When it was new it was a grand building.
Just outside Fort Bragg a 1,112 foot bore, CWR (California Western Railroad) Tunnel #1, runs through the rocky hill between Pudding Creek and the Noyo River. The tunnel was completed more than a century ago, in 1893 and is still in use on the CWR’s Skunk line . The tunnel was built by skilled Chinese laborers but not before there a near riot in Fort Bragg. A mob decided that it was improper for the work to be given to the Chinese. The sheriff rode over on his horse from Ukiah and told the mob they could do the job if they wanted but when it came time to start none of the mob was willing to do the tough, dangerous job of digging through the mountain.
If you look at the pic below you can see some of the Chinese labourers,
There was a major collapse (thousands of tons of rock falling onto and covering approximately forty feet of track) in April of 2013 in CWR’s #1 Tunnel some 10 miles from Fort Bragg. Whilst some repairs have been effected the tunnel is still closed. Heretofore I have not seen any photos of the collapse and initial work to re-open it. That has changed with club member Lonnie Dickson obtaining from his neighbor some pictures that the neighbor took personally. Alas, I have no further information – just the pics below:
This is the text that our computer guru, Roger Thornburn, inserted at the beginning of this lengthy (44 minutes) video:
“Redwood Route is a 1940’s video made by the Union Lumber Company of Fort Bragg, Mendocino, CA. The video was made to promote the railroad as a tourist attraction, and the redwood tree logging business as a modern sustainable resource. It shows both the operation and maintenance of the railroad. The video was originally shot on 16 mm film and then transferred to VHS in the 1980’s and to digital format around 2005, hence some of the quality issues.”
As historian of the club I found it interesting to see how the CWR (California Western Railroad) operated up over Summit – the last big hill before you get to Willits. I also enjoyed watching how useful the Skunk train was to those who lived along the line from Fort Bragg to Willits.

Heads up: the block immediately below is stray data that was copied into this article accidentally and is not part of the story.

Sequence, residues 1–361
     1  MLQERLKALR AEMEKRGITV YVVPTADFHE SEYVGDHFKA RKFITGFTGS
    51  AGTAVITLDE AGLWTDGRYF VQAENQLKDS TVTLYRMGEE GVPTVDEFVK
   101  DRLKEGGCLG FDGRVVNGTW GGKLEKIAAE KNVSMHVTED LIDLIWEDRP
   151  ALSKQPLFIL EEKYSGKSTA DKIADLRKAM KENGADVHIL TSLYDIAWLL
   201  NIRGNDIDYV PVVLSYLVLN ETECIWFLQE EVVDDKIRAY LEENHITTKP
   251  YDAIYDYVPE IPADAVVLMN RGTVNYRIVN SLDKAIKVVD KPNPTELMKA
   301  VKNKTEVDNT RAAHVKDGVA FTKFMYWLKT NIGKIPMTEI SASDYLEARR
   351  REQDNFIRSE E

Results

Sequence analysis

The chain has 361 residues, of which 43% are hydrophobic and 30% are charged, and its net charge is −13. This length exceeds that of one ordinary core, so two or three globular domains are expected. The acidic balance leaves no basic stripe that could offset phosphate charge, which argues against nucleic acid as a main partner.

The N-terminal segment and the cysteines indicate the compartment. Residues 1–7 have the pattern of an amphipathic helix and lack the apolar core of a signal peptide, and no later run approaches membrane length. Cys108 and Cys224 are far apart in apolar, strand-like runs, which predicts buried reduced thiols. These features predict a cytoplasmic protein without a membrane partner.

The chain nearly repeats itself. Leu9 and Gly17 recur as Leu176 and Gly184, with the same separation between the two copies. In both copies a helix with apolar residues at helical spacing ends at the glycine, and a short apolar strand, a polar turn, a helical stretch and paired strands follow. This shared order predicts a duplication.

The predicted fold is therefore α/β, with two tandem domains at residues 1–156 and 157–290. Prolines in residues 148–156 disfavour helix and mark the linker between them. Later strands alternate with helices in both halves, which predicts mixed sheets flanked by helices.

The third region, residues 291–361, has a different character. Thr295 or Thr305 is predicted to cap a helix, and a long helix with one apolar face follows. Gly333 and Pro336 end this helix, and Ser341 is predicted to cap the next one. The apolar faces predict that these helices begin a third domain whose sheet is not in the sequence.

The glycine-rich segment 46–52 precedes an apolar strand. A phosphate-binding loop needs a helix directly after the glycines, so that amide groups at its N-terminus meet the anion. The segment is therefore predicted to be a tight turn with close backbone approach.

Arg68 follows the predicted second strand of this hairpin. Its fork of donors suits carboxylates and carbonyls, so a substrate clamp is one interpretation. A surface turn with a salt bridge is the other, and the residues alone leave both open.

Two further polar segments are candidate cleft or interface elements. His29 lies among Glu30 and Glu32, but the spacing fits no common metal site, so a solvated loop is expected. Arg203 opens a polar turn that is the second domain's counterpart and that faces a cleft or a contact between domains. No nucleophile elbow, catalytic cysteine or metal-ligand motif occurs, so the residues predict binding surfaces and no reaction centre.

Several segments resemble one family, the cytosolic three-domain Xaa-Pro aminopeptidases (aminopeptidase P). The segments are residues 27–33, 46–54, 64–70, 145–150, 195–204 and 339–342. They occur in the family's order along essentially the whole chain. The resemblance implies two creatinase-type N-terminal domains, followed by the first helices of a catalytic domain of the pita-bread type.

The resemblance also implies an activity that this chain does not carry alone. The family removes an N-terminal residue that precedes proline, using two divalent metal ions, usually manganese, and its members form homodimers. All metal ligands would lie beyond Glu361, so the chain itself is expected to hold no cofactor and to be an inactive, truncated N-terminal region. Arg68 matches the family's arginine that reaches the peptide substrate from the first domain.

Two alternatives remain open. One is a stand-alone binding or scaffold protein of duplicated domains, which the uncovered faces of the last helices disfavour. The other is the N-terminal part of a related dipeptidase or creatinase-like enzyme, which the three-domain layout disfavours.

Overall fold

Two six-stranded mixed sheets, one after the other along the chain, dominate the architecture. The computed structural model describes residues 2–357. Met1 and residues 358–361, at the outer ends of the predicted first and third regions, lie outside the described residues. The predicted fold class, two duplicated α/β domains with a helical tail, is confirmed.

PS – Roger also added the sound.
This map first appeared tucked away in the back of a Western Railroader. It was recently the subject of some correspondence I had with a gentleman who works for Jackson State Forest. Webmaster Roger Thornburn was in on the correspondence and used his magical computer skills to enhance the original.
As historian for the club I should have been knowledgeable of the great detail on the map. Not only does the map show the location of the Caspar Lumber Company’s twenty logging camps it also shows the location of its three inclines. Not only do we get the Caspar Railroad the CWR’s railraod is shown as is the Mendocino Lumber Compamy’s railroad tracks. If that wasn’t enough you can see Route 20, Highway 1 and the Comptche Ukiah Road. Last, but not least, it shows that the choice of path for all three railroads was along the side of rivers and streams. Have a gander for yourself. You’ll need to click on the map to see all the details I have described.
The name Irmulco comes from Ireland Murray Lumber Company. The company started out in 1902 with a small steam powered sawmill in Two Rock Valley, six miles west of Willits. Lonzo Irvine and Henry Muir ran this mill until 1909 when the supply of readily available timber was exhausted. The operation was moved along the Noyo River where it ran until 1923.
Prior to the line from Fort Bragg going all the way “over the hill” to Willits it ended at Irmulco. To travel the last sixteen miles to Willits passengers had to alight and catch a stage.
Better them than me!
I belong to a Facebook page called, “Steam in the Woods.” The page is the “property” of Martin Hansen who appears to have a vast library of old logging photos. Most of his posts, whilst very interesting in their own right, do not have relevance to logging along the Mendocino Coast. Once in a while one comes up which really catches my eye ….. like this one:
First Martin’s comments on the pic:
“This scene captures Oregon Lumber Co. Shay #101 CN#1884 blt. 1907, on a track laying operation. The ties are up front because 2 men can carry ties back to the new grade. The rails are on the flat at the rear ready to be pulled off again by hand. This is a ritual that was repeated, over and over again for construction of logging spurs. The reverse procedure was then repeated many times to pull up the track laid perhaps only 1 or 2 seasons past once the surrounding area was cut. The image is from the SVRR Archives collections.“
This is the only pic I have seen of track laying in the woods. Whilst this photo was taken in Oregon I can’t imagine it was much different along the Mendocino Coast.
Nope, I don’t know where it was although my suspicion is that it was somewhere between Fort Bragg and Northspur. The originals were very poor quality sepia prints. I have converted them to grayscale and enhanced them. If anyone knows owt about where it is I’d appreciate knowing.